It’s no secret that ecommerce is a burgeoning industry. Today, eight out of ten people shop online and are spending more each and every year. The market is set to eclipse more than $44 billion this year and should see continued growth through 2021 and beyond.
With such a big market in play, many entrepreneurs have successfully secured a piece of the pie by carving out a niche, big or small. Whether providing an unfulfilled demand or bringing a better version of a successful idea to the table, opportunities are seemingly endless — and many of these successes are built on the model of dropshipping.
What is dropshipping?
Dropshipping is the shorthand term for a specific supply chain process. It involves creating a store wherein the product that you sell isn’t actually held in your own physical facility. Dropshipping storefronts are generally built online, with websites that contain product descriptions and images of what’s available for purchase.
Once the customer selects an item to buy, submits their address information and then pays for the goods, the owner of the dropshipping store (the seller) must request that the product is distributed. The seller contacts their product supplier to request the item be sent according to the customer’s specifications. That item is sent directly from the supplier to the customer, skipping over the seller in order for them to complete the sale.
Think of the seller as a niche product broker, setting up deals between buyers and suppliers. The seller’s revenue comes in the difference between the retail price and the supplier’s warehouse price — and the seller doesn’t interact with the product itself throughout the entire sale.
What are the benefits to starting a dropshipping company?
It’s no secret that starting a physical retail business and even purchasing products can be quite expensive. But you don’t need to worry about overhead costs like a physical storefront or staff to begin a dropshipping operation. Technically, you just need a website and to follow your local business regulations.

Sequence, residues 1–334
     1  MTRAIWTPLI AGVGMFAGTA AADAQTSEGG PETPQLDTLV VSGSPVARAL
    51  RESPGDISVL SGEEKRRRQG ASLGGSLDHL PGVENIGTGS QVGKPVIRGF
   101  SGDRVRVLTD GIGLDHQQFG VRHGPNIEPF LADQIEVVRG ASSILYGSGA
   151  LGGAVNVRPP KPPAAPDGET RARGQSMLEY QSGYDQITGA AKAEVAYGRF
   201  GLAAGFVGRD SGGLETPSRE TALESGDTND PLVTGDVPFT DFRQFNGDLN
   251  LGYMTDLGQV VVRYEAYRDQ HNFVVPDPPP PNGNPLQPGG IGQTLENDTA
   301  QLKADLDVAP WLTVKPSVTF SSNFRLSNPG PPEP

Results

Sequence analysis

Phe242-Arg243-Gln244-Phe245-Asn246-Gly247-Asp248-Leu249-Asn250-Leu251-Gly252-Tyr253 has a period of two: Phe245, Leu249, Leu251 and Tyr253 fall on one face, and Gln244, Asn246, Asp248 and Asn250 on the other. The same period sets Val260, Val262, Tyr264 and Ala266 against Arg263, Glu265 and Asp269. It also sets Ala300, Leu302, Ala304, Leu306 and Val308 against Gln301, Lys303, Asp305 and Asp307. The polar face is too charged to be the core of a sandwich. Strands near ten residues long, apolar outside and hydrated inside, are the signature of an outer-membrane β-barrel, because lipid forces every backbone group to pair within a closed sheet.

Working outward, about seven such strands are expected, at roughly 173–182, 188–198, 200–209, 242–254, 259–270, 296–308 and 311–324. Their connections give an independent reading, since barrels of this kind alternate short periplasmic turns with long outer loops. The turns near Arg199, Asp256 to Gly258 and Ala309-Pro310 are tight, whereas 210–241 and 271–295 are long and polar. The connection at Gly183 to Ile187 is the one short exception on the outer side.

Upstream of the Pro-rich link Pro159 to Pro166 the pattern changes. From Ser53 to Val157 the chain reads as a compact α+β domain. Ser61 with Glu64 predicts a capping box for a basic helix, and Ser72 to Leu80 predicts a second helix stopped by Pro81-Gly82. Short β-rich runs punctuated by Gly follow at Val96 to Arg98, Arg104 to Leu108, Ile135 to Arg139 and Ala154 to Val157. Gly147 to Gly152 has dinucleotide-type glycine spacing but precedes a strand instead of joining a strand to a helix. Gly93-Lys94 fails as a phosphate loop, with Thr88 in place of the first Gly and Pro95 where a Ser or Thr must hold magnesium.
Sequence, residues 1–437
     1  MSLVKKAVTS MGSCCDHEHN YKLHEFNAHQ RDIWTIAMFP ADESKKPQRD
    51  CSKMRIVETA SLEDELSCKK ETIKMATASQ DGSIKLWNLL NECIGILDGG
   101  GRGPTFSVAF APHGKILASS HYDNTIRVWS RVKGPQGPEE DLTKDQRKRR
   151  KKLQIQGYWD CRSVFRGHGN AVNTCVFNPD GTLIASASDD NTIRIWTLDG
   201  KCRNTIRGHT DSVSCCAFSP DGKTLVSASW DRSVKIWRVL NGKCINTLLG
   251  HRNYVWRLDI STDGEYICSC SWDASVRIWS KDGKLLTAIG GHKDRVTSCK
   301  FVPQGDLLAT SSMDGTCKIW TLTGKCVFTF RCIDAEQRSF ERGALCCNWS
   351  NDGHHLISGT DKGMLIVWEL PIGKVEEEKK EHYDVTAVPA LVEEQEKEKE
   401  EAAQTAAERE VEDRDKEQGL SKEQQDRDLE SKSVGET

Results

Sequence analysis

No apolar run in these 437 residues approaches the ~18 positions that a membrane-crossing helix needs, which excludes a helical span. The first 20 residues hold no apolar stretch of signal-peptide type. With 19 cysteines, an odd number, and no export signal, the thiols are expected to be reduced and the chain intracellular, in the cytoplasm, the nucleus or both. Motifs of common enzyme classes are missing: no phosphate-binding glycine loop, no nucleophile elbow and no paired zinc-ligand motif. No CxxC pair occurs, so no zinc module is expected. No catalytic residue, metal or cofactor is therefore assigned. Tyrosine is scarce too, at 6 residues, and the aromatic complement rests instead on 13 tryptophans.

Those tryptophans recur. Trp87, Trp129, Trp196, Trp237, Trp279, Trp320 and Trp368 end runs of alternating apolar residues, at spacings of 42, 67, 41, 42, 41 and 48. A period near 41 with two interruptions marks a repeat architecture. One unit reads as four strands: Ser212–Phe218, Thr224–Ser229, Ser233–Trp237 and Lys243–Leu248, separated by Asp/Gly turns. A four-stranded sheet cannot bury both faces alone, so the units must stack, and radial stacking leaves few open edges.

Another benefit is saving on warehouse costs, as the supplier takes care of this for you. The dropshipping selling model also allows you to offer a wide range of items in your chosen niche. It gives you access to every variation of a specific item without forcing you to hold hard-to-sell inventory.
Want to refresh your offering? Just check with your supplier’s offerings, then put up a new product image and description on your website.
You’ve likely heard of success stories from the dropshipping world — even if you weren’t aware that this was the selling model involved.
For instance, Kim Kardashian’s beauty empire in KKW makeup is actually built off dropshipping, as is her sister Kylie Jenner’s Kylie Cosmetics (one of the major contributing factors to her being the youngest billionaire ever). Shoppers pick their selection (customized to their needs) and a request is sent to their supplier. All the while, the seller — in this case, the Kardashians — receive their cut of the revenue for connecting customers with the supplier in the background.
Other brands including FashionNova and Gymshark — staples of online advertising and social media influencer advertising — were built on dropshipping. Additional concepts like bespoke steel-band watches from Bremont, fit under the umbrella of dropshipping.
How to get started with dropshipping
Like most businesses, you can’t serve everyone. The best way to start your dropshipping business is to start researching potential niches.
Use tools like Google Trends, social media and even the news to find what might be a product line of interest. After you select a niche, it’s important to verify that there’s interest — so try to find conversations happening about it online. Do some product research, find a reliable supplier and start realizing your plan.
Building your business takes a lot of dedication and you can’t get shoppers without telling people about it. Think about different ways you can hook your audience, whether it’s by inviting social influencers to try and demo your offerings with samples, buying digital ads or doing guest blogs. Creativity is key here.
Don’t forget to set measurable goals to track your success. You can start building your store, but much like owning a brick and mortar business, it comes down to strategy and timely decision making.
Consider your pricing and margins
You’ll want to figure out your pricing strategy as well. Shipping complexities, moving parts and potentially low margins can all factor into how much money you’ll make. Margins can be low but if you sell enough volume, you can meet your target. Alternatively, you can sell fewer high margin products — it’s up to you.
The ease of entry means competition can be fierce. You have to figure out a way to set yourself apart and find a niche that fits.
Don’t forget the customer service aspect. Schedule it into the time you expect to spend on the business, and should you be successful. Remember that service and your interactions with customers, even if it’s online and in social media, can make or break the experience for a wide segment of your customers.